The National Assembly passed on July 4th the French Digital Services Tax Bill, and the Senate did the same July 11th, 2019. 

Services in scope: 

  • Multisided digital interfaces, that enable users contact and interaction, for the delivery of goods or services directly between them.

  • Services provided to advertisers o other agents enabling the purchasing of advertising space on a digital interface.

The Ads need to be targeted to French users and based in the data provided by such users.

This category includes the management and communication of users data, which seems to resemble the 3rd category of services in the EU directive, but with the nuance of talking not about any data but just the data generated by their interaction with the digital platform, and transmitted for advertising purposes.

Not in scope:

  • Digital content
  • Communication services
  • Payment services + certain Financial regulated services subject to authorization

Not taxable:

Direct sale of goods / services online.

Non targeted Advertising, equivalent to ADS / messages sent solely on the basis of web content and identical to all users.

Threshold for becoming taxable:

  • More than 750 M€ WW revenue in taxable digital services
  • More than 25M€ in taxable services in France

Tax rate = 3%


  • Retroactive effect to January 2019.
  • Exceptionally, for 2019 also a unique advanced payment to be done based on 2018 Revenues of in-scope services but using the 2019 French users’ proportion.   Payment due in October 2019, and to be regularized to actual numbers by April 2020.
  • At Tax Administration request, companies must be able to support the break-down between in-scope services provided in France and outside of France.
  • Statue of limitation for this tax is extended to 6 years, more than other local standard taxes.

Immediate US reaction

Just a few hours after the new tax approval at the highest parliament chamber in France, U.S. President requested a trade restriction & discrimination investigation in respect to it for US commerce, and Washington set hands on immediately.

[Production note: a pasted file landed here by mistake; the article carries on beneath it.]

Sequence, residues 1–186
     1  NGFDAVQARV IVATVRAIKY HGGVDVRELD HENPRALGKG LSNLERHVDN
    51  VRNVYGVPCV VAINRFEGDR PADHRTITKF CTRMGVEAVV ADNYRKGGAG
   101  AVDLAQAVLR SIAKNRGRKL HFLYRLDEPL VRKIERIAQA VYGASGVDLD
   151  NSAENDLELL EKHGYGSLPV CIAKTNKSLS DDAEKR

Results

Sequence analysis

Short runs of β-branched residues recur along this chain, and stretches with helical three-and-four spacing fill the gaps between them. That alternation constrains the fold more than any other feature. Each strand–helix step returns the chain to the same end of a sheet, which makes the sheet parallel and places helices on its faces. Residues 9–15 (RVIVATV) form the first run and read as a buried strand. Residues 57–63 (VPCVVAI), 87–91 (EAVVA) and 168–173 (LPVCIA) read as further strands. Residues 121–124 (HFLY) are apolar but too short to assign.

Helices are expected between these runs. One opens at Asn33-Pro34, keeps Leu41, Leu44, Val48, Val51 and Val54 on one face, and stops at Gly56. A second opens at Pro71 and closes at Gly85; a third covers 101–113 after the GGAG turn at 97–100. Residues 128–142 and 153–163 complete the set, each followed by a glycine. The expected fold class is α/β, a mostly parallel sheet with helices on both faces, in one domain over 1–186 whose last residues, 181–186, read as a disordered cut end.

Many commentators remembered the similarities to the initial China / US discussions that ended up with the United States imposing additional tariffs and trade restrictions.


France has managed a fast and expedite legislative process after the EU Commission was not able to get unanimous approval for the EU equivalent directive they were strongly endorsing.

The tax, even being a targeted approach for digital businesses with a difficult legal construction, provides a more centered approach in some key elements that other local Governments are failing to clarify on their drafts, like what is to be considered as Targeted Advertising. It also sets a clear line around the type of data whose transference could be subject to the tax.

The global revenue threshold is in the French DST case based in digital in scope services and that makes a huge difference versus the EU directive and other draft laws in terms of the number of companies to be affected by this regulation.

France it is firmly sticking to their announced plans in the middle of a fierce international reaction from many segments of society and specially from the US who has expressed its view of the law as a pure “anti-american companies” legal instrument.

Macron has 15 days after July 11th to ratify the law, let’s see how precise the pen on his hand is in responding to the tremendous international pressure and what is the reaction it provokes in the rest of the EU countries following shortly behind in their same line of thinking.

The US Section 301 Investigation is in due course now, and other legal challenges could potentially come from the affected companies under different angles related to tax treaties, EU freedoms, and others; but none of those streams is going to be quickly nor easily resolved when open.  

For the ones we have been closely following this topic internationally, it would be a real surprise at this stage if during the next few days something makes this demonstration of tax sovereignty to be on hall and sent to the consideration of the French constitutional court.  

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